In general, when you’re on-site you want to make it seem like you’re always on-site. In meetings you’re not the “remote guy”, you’re “Dave, working on the re-platforming project” or whatever. Part of overcoming the “black sheep” hurdle is in actively contributing to conversations and meetings while you’re on-site. Don’t over-dominate the conversations, but also don’t shy away from speaking up often. Your colleagues don’t hear from you in the hallway and water cooler conversations, so consider this as making up for that (I’m partly serious and partly joking here). Speaking up will help deter any notions that you’re separate from the group or that remote inhibits or affects communication.

Another opportunity mentioned was to be on-point for organizing a group social outing. In keeping with the goal of not standing out as separate from your company, such an outing should not be for the express purpose of seeing you while you’re in town, but instead for the general enjoyment of the group.

A few days after the trip

When you get back home, follow up with your manager to discuss the trip. The reason to discuss the trip before and after with your manager is for more than just administrative reasons – instead it is to provide him/her with context for career development. Discuss what you got out of it, your plans for next steps, projects you might want to be involved with, opportunities for improvement, etc. Don’t be afraid to go into detail. Your manager will likely value any over-communication over just a “yeah it was a good trip”. Your company pays a lot for travel/accommodations so it’s important they know it wasn’t all for naught. Your manager may even get clued into “goings-on” within the company that he/she wasn’t even aware of, that might be of benefit to themselves to pursue.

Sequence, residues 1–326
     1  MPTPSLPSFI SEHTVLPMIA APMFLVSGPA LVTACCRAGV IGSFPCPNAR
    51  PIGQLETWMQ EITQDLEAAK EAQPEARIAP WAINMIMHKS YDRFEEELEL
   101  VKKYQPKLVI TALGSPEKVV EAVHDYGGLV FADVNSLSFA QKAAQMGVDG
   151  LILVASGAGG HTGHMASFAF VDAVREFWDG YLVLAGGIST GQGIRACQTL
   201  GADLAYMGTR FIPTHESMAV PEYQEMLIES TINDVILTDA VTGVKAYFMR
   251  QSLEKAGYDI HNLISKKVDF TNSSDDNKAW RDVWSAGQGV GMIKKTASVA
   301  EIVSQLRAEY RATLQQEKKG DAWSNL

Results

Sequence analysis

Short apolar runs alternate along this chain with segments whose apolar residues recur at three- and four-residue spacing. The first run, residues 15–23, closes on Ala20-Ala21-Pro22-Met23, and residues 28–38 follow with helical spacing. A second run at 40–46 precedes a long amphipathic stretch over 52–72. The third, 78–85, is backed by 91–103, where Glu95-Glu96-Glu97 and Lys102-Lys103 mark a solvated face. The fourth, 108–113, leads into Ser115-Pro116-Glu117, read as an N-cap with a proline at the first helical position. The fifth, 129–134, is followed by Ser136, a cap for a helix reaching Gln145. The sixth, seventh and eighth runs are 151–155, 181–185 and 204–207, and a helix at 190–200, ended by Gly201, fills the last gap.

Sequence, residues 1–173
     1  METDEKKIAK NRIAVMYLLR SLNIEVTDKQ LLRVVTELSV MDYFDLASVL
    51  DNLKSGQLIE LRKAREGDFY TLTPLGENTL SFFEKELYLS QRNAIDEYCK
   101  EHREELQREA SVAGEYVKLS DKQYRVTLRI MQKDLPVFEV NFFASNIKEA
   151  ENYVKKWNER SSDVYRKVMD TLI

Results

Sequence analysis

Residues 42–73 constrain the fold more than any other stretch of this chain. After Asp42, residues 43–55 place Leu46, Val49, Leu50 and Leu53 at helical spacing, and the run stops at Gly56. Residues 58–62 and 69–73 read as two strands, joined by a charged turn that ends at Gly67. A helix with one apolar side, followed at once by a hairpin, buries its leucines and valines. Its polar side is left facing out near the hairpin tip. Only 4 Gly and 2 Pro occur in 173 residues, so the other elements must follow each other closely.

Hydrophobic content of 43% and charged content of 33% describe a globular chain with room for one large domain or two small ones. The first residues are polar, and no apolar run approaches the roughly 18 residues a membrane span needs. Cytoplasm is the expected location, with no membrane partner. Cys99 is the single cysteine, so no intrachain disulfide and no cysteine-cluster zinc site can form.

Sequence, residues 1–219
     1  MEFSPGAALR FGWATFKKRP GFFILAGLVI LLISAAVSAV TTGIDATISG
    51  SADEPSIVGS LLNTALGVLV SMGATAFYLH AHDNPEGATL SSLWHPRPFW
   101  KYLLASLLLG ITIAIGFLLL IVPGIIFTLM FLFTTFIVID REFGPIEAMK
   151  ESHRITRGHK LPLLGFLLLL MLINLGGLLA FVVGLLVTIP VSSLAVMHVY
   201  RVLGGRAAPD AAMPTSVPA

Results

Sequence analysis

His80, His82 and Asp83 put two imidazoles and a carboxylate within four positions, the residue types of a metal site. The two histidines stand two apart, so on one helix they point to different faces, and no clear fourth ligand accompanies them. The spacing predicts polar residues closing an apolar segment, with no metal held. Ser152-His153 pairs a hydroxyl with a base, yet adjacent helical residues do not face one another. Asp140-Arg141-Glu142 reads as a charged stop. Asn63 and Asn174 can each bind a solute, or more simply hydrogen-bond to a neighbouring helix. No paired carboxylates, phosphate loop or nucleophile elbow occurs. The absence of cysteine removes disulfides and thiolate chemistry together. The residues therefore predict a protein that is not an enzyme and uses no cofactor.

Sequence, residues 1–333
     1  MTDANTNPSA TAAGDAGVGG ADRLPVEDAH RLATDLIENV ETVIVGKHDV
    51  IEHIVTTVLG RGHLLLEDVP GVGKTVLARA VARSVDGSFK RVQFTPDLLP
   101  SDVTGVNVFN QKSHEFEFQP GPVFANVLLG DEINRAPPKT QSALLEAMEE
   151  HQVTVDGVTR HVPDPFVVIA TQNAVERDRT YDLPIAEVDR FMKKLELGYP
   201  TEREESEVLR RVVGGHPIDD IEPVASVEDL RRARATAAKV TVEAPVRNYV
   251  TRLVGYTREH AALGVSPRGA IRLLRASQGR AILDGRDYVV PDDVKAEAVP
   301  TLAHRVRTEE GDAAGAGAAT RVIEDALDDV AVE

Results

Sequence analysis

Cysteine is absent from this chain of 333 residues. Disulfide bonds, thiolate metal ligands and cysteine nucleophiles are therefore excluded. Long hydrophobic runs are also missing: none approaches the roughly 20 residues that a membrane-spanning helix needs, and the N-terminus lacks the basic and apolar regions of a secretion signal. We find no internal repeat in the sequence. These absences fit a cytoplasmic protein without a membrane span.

Perhaps most importantly there might be projects or mentorships you pursued while on-site that are a bit of a reach for you now – be sure to discuss this with your manager to see if he/she can help push things from their end. Assuming you have a good relationship with your manager – and if you’re trusted enough to work remotely you probably do – he/she should be going to bat for you. It’s often forgotten that that’s what the “HR” component of management entails. And job expectations or not, good managers enjoy being involved in their reports’ growth.